<!element article - -
        (titlepag, header?, 
         toc?, lof?, lot?, p*, sect*, 
         (appendix, sect+)?, biblio?) +(footnote)>
This part sets up the overall structure for an ``article'', which is like a ``documentstyle'' within LaTeX. The article consists of a titlepage (titlepag), an optional header (header), an optional table of contents (toc), optional lists of figures (lof) and tables (lot), any number of paragraphs (p), any number of top-level sections (sect), optional appendices (appendix), an optional bibliography (biblio) and footnotes (footnote).

As you can see, the DTD doesn't say anything about how the document should be formatted or what it should look like. It just defines what parts make up the document. Elsewhere in the DTD the structure of the titlepag, header, sect, and other elements are defined.

You don't need to know anything about the syntax of the DTD in order to write documents. I'm just presenting it so you know what it looks like and what it does. You do need to be familiar with the document structure that the DTD defines. If not, you might violate the structure when attempting to write a document, and be very confused about the resulting error messages. We'll describe the structure of linuxdoc-sgml documents in detail later.

The next step is to write a document using the structure defined by the DTD. Again, the linuxdoc-sgml DTD makes documents look a lot like LaTeX---it's very easy to follow. In SGML jargon a single document written using a particular DTD is known as an ``instance'' of that DTD.

In order to translate the SGML source into another format (such as LaTeX or nroff) for processing, the SGML source (the document that you wrote) is parsed along with the DTD by (you guessed it) the SGML parser. I'm using the sgmls parser by James Clark, jjc@jclark.com, who also happens to be the author of groff. We're in good hands. The parser (the executable sgmls simply picks through your document and verifies that it follows the structure set forth by the DTD. It also spits out a more explicit form of your document, with all ``macros'' and elements expanded, which is understood by sgmlsasp, the next part of the process.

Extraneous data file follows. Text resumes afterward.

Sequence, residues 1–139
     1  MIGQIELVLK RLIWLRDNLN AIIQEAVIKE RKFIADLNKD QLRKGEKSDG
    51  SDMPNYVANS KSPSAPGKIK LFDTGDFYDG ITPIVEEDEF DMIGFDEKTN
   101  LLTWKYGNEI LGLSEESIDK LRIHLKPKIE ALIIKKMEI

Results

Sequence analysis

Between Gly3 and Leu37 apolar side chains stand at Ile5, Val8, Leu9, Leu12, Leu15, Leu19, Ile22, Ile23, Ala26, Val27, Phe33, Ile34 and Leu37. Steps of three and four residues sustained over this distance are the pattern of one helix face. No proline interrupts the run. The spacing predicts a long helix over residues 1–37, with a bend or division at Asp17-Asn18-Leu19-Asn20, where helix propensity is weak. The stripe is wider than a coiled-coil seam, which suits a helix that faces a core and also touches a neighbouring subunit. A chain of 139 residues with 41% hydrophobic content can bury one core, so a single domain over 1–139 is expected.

sgmlsasp is responsible for converting the output of sgmls to another format (such as LaTeX). It does this using replacement files, which describe how to convert elements in the original SGML document into corresponding source in the ``target'' format (such as LaTeX or nroff).

For example, part of the replacement file for LaTeX looks like:

<itemize>       +       "\\begin{itemize}"      +
</itemize>      +       "\\end{itemize}"        +
Which says that whenever you begin an itemize element in the SGML source, it should be replaced with
in the LaTeX source. (As I said, elements in the linuxdoc-sgml DTD are very similar to their LaTeX counterparts).

So, to convert the SGML to another format, all you have to do is write a new replacement file for that format that gives the appropriate analogues to the SGML elements in that new format. In practice, it's not that simple---for example, if you're trying to convert to a format that isn't structured at all like your DTD, you're going to have trouble. In any case, it's much easier to do than writing individual parsers and translators for many kinds of output formats; SGML provides a generalized system for converting one source to many formats.

Once sgmlsasp has completed its work, you have LaTeX source which corresponds to your original SGML document, which you can format using LaTeX as you normally would. Later in this document I'll give examples and show the commands used to do the translation and formatting. You can do this all on one command line.

But first, I should describe how to install and configure the software.